When you are inside credit card debt, you are not alone. The average American has $ 6,194 in debt – and that number is rising 3 percent each year, according to an average Experian. However, in addition to lowering your score, being in debt can expose you to higher fees, limit your ability to be approved for future loans, and even have legal ramifications.
Below are some best practices to help you get out of your credit card debt and strategies for staying out of debt once you pay it off. With the help of these suggestions, you should be able to start planning your repayment strategy.
How to Pay Off Credit Card Debt
Pay as much as possible every month
While making the minimum payment is all you need to do to stay up to date with the card, paying as much as possible every month is the best way to pay off debt. You can get a credit card calculator to see the difference a larger payment makes.
For example, say you have $ 5,000 on credit card debt with an interest rate of 18 percent. If you only make the minimum payment of $ 125 per month, it will take 62 months to get rid of your debt and pay $ 2,693 in interest. However, if you increase your monthly payment to $ 300, you can be out of debt in 20 months and pay only $ 797 in interest.
Get a personal loan
If your debt comes from multiple cards, you can get one personal loan for debt consolidation. By paying off all of your cards with a loan, you ensure that you only have to focus on one payment per month and worry about only one interest rate.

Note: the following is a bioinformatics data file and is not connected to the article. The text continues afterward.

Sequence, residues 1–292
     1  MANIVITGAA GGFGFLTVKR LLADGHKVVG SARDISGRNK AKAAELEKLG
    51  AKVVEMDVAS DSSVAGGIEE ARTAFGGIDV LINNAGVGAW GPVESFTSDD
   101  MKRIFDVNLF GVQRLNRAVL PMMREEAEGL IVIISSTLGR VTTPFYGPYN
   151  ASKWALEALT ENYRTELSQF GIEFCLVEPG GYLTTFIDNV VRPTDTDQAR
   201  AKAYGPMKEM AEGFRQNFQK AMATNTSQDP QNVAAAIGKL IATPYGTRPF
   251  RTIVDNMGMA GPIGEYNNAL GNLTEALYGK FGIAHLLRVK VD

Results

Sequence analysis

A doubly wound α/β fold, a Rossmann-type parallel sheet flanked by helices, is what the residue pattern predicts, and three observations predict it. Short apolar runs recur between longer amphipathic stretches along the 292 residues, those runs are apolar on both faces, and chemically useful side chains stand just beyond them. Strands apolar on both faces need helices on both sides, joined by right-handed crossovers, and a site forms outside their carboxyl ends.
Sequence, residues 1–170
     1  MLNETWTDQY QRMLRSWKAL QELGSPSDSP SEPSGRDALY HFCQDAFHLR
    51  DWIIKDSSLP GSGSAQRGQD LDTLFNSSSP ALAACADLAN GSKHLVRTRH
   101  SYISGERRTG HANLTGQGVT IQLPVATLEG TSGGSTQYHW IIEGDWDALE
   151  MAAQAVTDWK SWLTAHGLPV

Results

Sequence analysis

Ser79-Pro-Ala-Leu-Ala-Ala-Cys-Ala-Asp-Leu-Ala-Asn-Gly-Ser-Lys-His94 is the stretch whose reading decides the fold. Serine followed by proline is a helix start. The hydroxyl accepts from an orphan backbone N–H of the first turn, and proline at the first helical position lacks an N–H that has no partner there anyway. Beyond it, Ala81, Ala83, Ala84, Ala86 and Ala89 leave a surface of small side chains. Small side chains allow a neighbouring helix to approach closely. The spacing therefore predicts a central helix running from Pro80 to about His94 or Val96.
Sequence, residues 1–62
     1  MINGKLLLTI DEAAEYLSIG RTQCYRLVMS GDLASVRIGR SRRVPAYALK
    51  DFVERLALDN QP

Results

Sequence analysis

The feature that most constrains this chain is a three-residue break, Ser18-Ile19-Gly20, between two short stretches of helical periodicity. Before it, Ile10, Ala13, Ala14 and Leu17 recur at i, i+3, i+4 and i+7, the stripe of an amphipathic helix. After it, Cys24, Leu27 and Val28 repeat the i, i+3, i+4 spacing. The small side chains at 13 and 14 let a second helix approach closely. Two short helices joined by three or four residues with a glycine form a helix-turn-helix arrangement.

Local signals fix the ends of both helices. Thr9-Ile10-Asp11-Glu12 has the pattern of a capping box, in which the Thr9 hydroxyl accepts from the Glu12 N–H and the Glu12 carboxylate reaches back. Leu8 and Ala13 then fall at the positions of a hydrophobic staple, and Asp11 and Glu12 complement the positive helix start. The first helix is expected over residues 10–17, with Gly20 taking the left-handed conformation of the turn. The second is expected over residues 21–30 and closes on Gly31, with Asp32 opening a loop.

Use a balance transfer card
If you have a good or excellent card score, you may be eligible for a balance transfer card. You can use this type of card to transfer all of your funds in one place, meaning you only have to pay once a month. In addition, some balance transfer cards even offer an introductory interest rate of 0 percent. However, keep in mind that you usually can’t transfer balances between cards from the same issuer.
How to Stay Out of Debt
Once you know how to get out of debt, it’s important to change your habits so you don’t rebalance. Here are some suggestions to help you stay in the black:
Build up your savings
When you’re out of debt, consider contributing to your savings on a regular basis. Some have savings helps you to feel prepared for unforeseen expenses such as car breakdown or medical debts. It can also help you pay off your credit card balance in full each month and increase your score.
Limit the use of your card
If you have a tendency to create credit card debt, you may want to limit how much you use your cards. Paying in cash or using a debit card for everyday expenses can be an effective way to avoid overspending.